Country and Western Singer Tex Williams Dies
Oct. 12, 1985
NEWHALL, Calif. (AP) _ Country and western singer Tex Williams, whose hits included ''Smoke 3/8 Smoke 3/8 Smoke 3/8 (that Cigarette),'' died Friday after a long battle against cancer, his daughter said. He was 68.
Williams, the first president of Academy of Country and Western Music, sold a million copies ''Smoke 3/8 Smoke 3/8 Smoke 3/8'' which was released in 1947. Other hits included ''California Polka,'' and ''Texas in My Soul.''
Williams died at Newhall Community Hospital, said his daughter, Sandi Aiello.
Born Sol Williams in Fayette County, Ill., he had his own radio program at age 13 in Decatur, Ill., in which he acted as a one-man band, playing five- string banjo and harmonica and singing sad cowboy songs.
Williams joined the Spade Cooley band as a sideman and lead vocalist and sang the vocals for ''Shame on You,'' a country and western hit in the mid- 1940s.
In 1946 he formed a 12-piece band called Western Caravan whose initial release, ''The Rose of the Alamo,'' sold over 250,000 copies.
Several releases later he topped that with ''Smoke 3/8 Smoke 3/8 Smoke 3/8'' a Tex- Ritter-Merle Travis composition that became Capitol Record's first million- seller.
''He discovered 'Smoke 3/8 Smoke 3/8 Smoke 3/8' and he recorded 'The Night They Burned Down Miss Calamity Jane' and 'The Cowboy's Prayer,''' said longtime friend and record producer Bill Teel.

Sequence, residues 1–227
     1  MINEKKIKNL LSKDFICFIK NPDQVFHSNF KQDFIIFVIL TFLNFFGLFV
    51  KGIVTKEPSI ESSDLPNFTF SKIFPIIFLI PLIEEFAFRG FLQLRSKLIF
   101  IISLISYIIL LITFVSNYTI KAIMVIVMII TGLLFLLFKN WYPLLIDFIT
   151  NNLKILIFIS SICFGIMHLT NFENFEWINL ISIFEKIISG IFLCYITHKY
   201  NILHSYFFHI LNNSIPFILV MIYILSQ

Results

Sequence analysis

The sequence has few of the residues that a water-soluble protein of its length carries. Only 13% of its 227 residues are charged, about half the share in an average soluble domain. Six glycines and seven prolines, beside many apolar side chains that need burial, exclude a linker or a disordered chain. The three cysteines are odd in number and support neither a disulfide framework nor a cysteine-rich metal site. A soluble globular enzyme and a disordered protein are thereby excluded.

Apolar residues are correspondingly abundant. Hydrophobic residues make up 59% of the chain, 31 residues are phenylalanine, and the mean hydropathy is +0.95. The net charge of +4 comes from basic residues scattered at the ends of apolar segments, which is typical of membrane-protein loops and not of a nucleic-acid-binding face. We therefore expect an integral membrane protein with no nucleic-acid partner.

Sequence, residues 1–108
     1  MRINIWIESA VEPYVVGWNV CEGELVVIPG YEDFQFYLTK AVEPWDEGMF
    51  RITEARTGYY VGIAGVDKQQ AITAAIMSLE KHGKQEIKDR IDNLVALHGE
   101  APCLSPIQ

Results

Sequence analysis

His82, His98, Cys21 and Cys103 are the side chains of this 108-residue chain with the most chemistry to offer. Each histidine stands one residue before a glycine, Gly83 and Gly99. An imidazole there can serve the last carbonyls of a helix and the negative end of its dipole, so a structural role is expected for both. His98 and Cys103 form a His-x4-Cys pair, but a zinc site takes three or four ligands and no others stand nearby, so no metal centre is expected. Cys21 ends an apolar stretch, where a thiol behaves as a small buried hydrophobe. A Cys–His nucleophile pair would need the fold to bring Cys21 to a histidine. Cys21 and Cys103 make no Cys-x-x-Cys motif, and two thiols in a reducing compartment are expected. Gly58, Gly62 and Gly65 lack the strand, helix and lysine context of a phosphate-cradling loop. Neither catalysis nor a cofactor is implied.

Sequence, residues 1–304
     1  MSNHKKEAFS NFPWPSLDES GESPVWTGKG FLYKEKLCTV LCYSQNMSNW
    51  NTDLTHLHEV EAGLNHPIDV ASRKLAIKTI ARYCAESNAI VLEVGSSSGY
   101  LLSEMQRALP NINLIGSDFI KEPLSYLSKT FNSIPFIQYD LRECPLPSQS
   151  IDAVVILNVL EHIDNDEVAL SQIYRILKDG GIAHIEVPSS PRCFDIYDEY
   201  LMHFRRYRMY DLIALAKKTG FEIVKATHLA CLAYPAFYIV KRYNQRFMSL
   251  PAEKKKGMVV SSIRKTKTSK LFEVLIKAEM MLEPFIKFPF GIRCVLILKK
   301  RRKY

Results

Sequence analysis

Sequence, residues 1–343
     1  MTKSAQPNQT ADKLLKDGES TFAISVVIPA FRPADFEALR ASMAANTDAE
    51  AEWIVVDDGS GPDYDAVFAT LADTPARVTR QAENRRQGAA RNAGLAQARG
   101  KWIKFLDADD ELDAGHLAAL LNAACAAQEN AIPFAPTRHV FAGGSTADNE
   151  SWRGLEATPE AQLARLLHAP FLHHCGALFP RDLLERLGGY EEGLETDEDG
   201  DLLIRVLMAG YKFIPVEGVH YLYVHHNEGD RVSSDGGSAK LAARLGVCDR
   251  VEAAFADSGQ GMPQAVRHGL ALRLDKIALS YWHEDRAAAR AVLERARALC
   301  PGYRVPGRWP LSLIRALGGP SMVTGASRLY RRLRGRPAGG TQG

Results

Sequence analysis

Williams enjoyed his greatest popularity in the 1930s and 1940s, Teel said.
Williams worked with Tex Ritter in a Western called ''Rollin' Home to Texas,'' the first of many films in which he appeared from the late 1930s to 1950s.
''He's been in 25 different Westerns, which were before my time, and I've never seen any of them,'' Ms. Aiello said. ''They show them sometimes at 3 in the morning.''
Before forming Western Caravan, Williams played with Peggy West and her Rocky Mountaineers, Cliff Goddard and his Reno Racketeers and the Colorado Hillbillies headed by Walt Schrum, Teel said.
''He was going everywhere, playing everywhere,'' he said.
Western Caravan often was featured on such shows as the Grand Ole Opry, the Porter Wagoner Show, and the Jimmy Dean Show, until it disbanded in 1965.
The city of Newhall last year awarded Williams his own star in the local Western Walk of Fame for his accomplishments in the music and motion picture worlds.
Ms. Aiello said her father had been sick for about a year and had given his final musical performance last New Year's Eve.
Williams, who had been hospitalized several times during the year, had his bladder removed but the cancer spread to his liver, said Teel. In the end, he suffered kidney failure, his daughter said.
In addition to his daughter, Williams is survived by his wife, Dallas, and a granddaughter.
Funeral services were pending, his daughter said.